In addition to demonstrating that lambdas are a good idea (all that boilerplate to start a thread!), this also shows how cycles during class initialisation can lead to a deadlock. Here’s what happens when you run it1:

$ javac Program.java
$ java Program

That is, it hangs.

In Java, classes are loaded at some arbitrary point before use, but are only initialised — running the static {} blocks and static field initialisers — at defined points2.

One of these points is just before a static method is invoked, and so the two calls to A.initMe() and B.initMe() above will both trigger initialisation for the respective classes.

In this case, each class contains a static field that instantiates an instance of the other class. Instantiating the other class requires that that class is initialised, and so what we end up with is that each class’s initialisation is blocked waiting for the initialisation of the other class to complete.

If you trigger a thread dump at this point — by sending a SIGQUIT or hitting Ctrl-\ (or Ctrl-Break on Windows) — then you’ll see something like this:

Full thread dump OpenJDK 64-Bit Server VM (24.79-b02 mixed mode):

"Thread-0" prio=10 tid=0x00007efd50105000 nid=0x51db in Object.wait() [0x00007efd3f168000]
   java.lang.Thread.State: RUNNABLE
        at Program$A.<clinit>(Program.java:13)
        at Program$1.run(Program.java:5)
        at java.lang.Thread.run(Thread.java:745)

"main" prio=10 tid=0x00007efd5000a000 nid=0x51ca in Object.wait() [0x00007efd59d45000]
   java.lang.Thread.State: RUNNABLE
        at Program$B.<clinit>(Program.java:18)
        at Program.main(Program.java:9)


Interestingly, you can see that while both threads are executing an implicit Object.wait(), they’re listed as RUNNABLE rather than WAITING, and there’s no output from the deadlock detector. I suspect that the reason for both of these is that the details of class initialisation changed in Java 7:

In Java 6, the runtime would attempt to lock the monitor owned by each Class instance for the duration of the initialisation, while in Java 7, attempting to initialise a class that’s already being initialised by another thread just requires that that the caller be blocked in some undefined fashion until that initialisation completes.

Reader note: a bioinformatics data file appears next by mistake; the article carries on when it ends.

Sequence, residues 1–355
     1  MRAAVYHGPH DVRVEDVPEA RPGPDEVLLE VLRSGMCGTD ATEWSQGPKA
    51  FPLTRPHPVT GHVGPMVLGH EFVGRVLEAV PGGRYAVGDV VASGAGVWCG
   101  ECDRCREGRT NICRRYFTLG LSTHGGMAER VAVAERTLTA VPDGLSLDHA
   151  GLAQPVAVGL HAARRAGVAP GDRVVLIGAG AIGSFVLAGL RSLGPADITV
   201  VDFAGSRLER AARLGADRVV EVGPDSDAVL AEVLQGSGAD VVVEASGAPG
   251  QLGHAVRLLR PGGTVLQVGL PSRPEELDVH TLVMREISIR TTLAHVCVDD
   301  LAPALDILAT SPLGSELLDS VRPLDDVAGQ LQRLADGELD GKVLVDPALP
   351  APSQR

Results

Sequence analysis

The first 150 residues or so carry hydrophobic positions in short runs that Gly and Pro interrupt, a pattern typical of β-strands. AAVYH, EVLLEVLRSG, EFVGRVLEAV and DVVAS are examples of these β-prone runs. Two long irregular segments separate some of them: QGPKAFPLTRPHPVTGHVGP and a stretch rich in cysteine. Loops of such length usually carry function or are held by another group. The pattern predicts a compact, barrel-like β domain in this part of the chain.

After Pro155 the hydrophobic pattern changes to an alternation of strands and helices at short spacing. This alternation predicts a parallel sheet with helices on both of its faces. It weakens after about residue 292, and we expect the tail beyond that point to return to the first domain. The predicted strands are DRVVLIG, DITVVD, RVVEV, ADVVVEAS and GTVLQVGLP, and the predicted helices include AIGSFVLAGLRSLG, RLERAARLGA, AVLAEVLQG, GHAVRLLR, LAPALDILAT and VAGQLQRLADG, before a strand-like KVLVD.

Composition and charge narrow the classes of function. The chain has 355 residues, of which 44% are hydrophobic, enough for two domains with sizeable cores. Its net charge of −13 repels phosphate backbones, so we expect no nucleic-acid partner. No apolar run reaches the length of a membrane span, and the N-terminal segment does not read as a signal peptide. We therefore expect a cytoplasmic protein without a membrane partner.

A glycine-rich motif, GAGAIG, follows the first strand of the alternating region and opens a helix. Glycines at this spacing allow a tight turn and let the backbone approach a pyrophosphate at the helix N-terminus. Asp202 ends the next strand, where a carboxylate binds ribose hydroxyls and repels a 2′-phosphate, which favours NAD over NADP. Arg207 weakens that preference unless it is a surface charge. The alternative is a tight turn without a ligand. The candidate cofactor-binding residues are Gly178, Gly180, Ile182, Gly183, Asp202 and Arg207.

There are other ways to trigger the same problem, too. Here’s another problematic snippet:

public class Foo {
  public static final Foo EMPTY = new EmptyFoo();

public class EmptyFoo extends Foo {}

Here we have Foo, and EmptyFoo, a special — presumably empty, in some fashion — version of Foo. EmptyFoo is usable directly, but it’s also available as Foo.EMPTY.

The problem here is that initialising EmptyFoo requires us to initialise the superclass, and initialising Foo requires initialisation of EmptyFoo for the static field. This would be fine in one thread, but if two threads attempt to initialise the two classes separately, deadlock results.

Cyclic dependencies between classes have always been problematic in both Java and C#, as references to non-constant static fields in classes that are already being initialised see uninitialised (Java) or default (C#) values. However, normally the initialisation does complete; here, it doesn’t, and here the dependencies are simply between the classes, not between their data members.

Unfortunately, I don’t know of any convenient way to detect these cycles in Java: OpenJDK provides -XX:+TraceClassInitialization, which I suspect might be useful, but it’s only available in debug builds of the OpenJDK JRE3, and I haven’t been able to confirm exactly what it shows.

And for what it’s worth, I’m not aware of a better solution for detecting cycles in C# either. For Noda Time, we used a custom cycle detector for a while; it spotted some bugs resulting from reading default values, but it was too brittle and invasive (it required modifying each class), and so we removed it before 1.0.

I suppose that if we assume that class initialisation occurs atomically and on multiple threads, then this kind of problem is bound to come up4. Perhaps what’s surprising is that these languages do allow the use of partially-initialised classes in the single-threaded case?

If videos are your thing, the folks at Webucator have turned this post into a video as part of their free (registration required) Java Solutions from the Web course. They also offer a series of paid Java Fundamentals classes covering a variety of topics.

  1. Or at least, what happens when I run it, on a multiprocessor Debian machine running OpenJDK 7u79. I don’t think the versions are particularly important — this behaviour seems to be present in all Java versions — though I am a little surprised that I didn’t need to add any additional synchronisation or delays. 

  2. A similar situation exists in C# for classes with static constructors (for classes without, the runtime is allowed much more latitude as to when the type is initialised). 

  3. You can trace class loading with -XX:TraceClassLoadingPreorder and -XX:TraceClassLoading, but this doesn’t tell you when class initialisation happens. 

  4. He says, with a sample size of one. I haven’t managed to confirm what C# does, for example, and C++ avoids this problem by replacing it with a much larger one, the “static initialisation order fiasco”.